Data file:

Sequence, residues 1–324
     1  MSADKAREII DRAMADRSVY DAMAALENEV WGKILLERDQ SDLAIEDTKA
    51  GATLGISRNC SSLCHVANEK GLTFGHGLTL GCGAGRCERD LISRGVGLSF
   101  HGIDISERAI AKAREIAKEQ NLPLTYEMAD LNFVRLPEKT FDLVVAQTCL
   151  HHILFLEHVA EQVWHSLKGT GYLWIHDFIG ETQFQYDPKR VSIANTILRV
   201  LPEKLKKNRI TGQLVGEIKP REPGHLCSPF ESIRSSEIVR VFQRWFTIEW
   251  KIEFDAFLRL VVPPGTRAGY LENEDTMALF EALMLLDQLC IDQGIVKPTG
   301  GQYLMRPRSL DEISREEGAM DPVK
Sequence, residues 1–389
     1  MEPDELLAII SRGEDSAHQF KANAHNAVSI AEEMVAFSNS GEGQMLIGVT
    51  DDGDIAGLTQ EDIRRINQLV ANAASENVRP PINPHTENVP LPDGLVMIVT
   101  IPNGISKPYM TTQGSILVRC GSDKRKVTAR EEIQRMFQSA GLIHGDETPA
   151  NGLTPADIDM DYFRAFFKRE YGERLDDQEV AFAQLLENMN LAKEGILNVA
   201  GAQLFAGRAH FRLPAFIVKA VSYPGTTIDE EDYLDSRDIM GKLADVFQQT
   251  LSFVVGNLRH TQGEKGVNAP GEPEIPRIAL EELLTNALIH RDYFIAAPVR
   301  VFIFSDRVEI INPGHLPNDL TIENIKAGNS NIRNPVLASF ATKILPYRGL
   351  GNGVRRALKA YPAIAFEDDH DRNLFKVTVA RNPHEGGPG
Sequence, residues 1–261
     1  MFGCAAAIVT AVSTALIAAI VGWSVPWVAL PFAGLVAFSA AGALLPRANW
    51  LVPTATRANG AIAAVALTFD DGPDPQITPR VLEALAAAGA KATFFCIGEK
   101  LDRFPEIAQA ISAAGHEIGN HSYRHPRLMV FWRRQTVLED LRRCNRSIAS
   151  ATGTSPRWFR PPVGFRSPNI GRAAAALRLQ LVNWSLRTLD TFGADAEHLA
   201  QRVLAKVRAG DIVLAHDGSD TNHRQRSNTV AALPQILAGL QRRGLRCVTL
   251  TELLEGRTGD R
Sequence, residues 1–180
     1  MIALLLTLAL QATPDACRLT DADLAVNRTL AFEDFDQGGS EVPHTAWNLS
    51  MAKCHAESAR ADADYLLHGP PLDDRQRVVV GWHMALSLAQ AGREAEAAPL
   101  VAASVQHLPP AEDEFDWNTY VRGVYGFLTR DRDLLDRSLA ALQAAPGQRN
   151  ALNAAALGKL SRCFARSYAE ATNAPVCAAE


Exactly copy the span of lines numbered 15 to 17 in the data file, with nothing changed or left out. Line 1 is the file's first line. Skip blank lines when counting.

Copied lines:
   251  LSFVVGNLRH TQGEKGVNAP GEPEIPRIAL EELLTNALIH RDYFIAAPVR
   301  VFIFSDRVEI INPGHLPNDL TIENIKAGNS NIRNPVLASF ATKILPYRGL
   351  GNGVRRALKA YPAIAFEDDH DRNLFKVTVA RNPHEGGPG